Driving 30 minutes north arises the smaller, more closed off refugee camp Dunkirk. This camp gives shelter to around 1000 people, almost all Kurds. This refugee camp – like the one in Calais - already exists for years and for the same reasons as the one in Calais: Dunkirk offers people a possibility to illegally travel to England. In the Netherlands the news almost always covers the situation in Calais so we had little knowledge of this place, only of its existence. In contrast to Calais, this camp is less visible from the outside. With some difficulty we were allowed to enter this part of France, this little Kurdistan, this home to many people.
What do you do when you enter a place that gives shelter to so many people under such circumstances? A place no one actually wants to be, but got stuck, and is related to the other by a shared hope? The gravel ground announced our entrée that can be questioned in its sense of belonging. The only humble thing I could think of that would justify a part of our arrival was that we should listen.
Although it being November, the sun felt relatively warm. For this reason, many people were walking around the camp, chatting in groups or sitting on the small hills of sand that surrounded the camp. For this reason, or for there being not much else to do. The camp counts more than 300 of these wooden huts, all representing home to at least 3 to 4 people. The ground is part of Grande-Synthe, a commune part of the agglomeration of Dunkirk, and the camp is getting a bit of funding from the local authorities. There is a ‘community kitchen’, a ‘women’s house’, a ‘men’s house’, and a ‘child center’. We saw many men, little women, and some children. Some men told us they mostly sleep during the day. The chances to get to England keep them awake at night.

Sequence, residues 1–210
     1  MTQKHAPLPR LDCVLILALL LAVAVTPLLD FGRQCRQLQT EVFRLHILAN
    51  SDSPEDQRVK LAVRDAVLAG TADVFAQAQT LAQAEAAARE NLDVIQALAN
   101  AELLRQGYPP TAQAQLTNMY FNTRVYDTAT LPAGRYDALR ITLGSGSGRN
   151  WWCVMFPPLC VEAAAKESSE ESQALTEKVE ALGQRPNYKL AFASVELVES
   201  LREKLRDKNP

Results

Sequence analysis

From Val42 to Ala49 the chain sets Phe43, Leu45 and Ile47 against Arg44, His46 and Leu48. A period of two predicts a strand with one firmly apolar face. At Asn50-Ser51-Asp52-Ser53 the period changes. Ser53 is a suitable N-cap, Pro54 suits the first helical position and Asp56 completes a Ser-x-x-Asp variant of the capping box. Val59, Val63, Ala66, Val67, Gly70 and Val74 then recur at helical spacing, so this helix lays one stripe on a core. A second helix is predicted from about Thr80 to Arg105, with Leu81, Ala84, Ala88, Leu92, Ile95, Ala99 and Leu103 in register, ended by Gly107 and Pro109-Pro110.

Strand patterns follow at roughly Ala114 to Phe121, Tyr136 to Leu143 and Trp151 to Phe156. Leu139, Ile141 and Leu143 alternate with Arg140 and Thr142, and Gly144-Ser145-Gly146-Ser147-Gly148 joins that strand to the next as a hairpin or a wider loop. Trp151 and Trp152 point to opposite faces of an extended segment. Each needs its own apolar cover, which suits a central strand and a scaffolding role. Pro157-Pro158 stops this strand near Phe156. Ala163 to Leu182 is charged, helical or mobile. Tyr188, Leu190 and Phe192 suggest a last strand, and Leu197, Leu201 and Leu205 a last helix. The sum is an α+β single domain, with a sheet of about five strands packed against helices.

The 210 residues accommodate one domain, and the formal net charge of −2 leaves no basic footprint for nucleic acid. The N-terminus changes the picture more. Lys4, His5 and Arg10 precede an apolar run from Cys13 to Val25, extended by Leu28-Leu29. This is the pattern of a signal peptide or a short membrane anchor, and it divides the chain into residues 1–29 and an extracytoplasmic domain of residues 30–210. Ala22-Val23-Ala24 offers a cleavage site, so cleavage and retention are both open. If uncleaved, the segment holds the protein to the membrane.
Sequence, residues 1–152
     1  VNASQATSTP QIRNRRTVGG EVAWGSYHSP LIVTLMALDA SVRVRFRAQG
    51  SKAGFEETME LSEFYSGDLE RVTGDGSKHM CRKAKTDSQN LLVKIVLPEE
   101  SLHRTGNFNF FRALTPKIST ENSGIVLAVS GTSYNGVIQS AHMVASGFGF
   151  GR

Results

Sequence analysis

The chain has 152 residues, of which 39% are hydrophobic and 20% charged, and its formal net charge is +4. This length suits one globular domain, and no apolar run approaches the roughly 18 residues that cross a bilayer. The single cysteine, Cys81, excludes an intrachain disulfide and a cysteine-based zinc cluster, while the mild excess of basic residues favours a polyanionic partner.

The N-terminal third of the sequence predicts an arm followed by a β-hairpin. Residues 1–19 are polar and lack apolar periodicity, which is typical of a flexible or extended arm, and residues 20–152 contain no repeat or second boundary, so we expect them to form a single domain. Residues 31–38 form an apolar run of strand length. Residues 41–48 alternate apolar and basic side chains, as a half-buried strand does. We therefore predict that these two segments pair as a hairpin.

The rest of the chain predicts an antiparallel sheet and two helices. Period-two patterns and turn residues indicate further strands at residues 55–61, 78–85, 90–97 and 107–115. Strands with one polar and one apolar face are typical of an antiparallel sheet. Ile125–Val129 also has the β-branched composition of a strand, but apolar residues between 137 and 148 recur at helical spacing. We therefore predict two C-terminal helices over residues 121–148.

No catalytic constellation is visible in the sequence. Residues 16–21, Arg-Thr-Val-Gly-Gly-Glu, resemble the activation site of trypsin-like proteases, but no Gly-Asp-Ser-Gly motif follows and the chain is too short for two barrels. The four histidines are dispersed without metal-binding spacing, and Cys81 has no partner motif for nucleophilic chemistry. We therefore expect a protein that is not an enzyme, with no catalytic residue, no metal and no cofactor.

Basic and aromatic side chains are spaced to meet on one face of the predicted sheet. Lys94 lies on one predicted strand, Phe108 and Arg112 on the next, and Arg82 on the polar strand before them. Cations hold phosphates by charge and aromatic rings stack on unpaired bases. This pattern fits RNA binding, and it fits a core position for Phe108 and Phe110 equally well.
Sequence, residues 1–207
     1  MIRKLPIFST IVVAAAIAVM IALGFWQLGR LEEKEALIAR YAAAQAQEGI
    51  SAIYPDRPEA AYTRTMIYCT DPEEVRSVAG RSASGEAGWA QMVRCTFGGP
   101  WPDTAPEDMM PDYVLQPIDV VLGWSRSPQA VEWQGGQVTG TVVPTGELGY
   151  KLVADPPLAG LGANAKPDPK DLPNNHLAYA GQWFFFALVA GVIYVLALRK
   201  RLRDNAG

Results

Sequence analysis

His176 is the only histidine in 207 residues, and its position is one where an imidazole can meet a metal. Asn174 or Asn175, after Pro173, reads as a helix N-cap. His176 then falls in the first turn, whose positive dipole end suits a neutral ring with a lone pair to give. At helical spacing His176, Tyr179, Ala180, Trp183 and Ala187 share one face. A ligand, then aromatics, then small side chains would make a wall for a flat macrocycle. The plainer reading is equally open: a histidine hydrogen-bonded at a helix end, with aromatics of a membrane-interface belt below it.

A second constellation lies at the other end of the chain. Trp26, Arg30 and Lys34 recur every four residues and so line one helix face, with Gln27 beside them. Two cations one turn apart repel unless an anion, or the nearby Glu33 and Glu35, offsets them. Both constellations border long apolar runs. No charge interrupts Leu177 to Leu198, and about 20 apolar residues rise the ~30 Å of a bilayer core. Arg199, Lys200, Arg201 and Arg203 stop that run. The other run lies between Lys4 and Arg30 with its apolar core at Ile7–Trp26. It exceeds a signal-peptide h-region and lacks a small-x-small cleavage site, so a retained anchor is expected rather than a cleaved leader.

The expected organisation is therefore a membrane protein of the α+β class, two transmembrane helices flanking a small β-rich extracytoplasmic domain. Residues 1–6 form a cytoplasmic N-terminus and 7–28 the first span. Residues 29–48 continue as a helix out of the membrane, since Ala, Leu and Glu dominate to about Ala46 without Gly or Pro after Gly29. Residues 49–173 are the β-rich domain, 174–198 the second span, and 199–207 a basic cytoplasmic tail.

Every day at 22:00 the men go to the port and try to cross the water. Every day they try to get on a boat, jump on a truck, get taken along by someone in a freezer, or find other ways that we did not get familiar with. Every single day. Although we were already aware of the reason the majority of people were staying in this area, it still surprised me. What was there to found that could not be found in France? What was there, apart from some people’s family, that made men leave other countries in Europe that they were going to school in, for this promised land of England?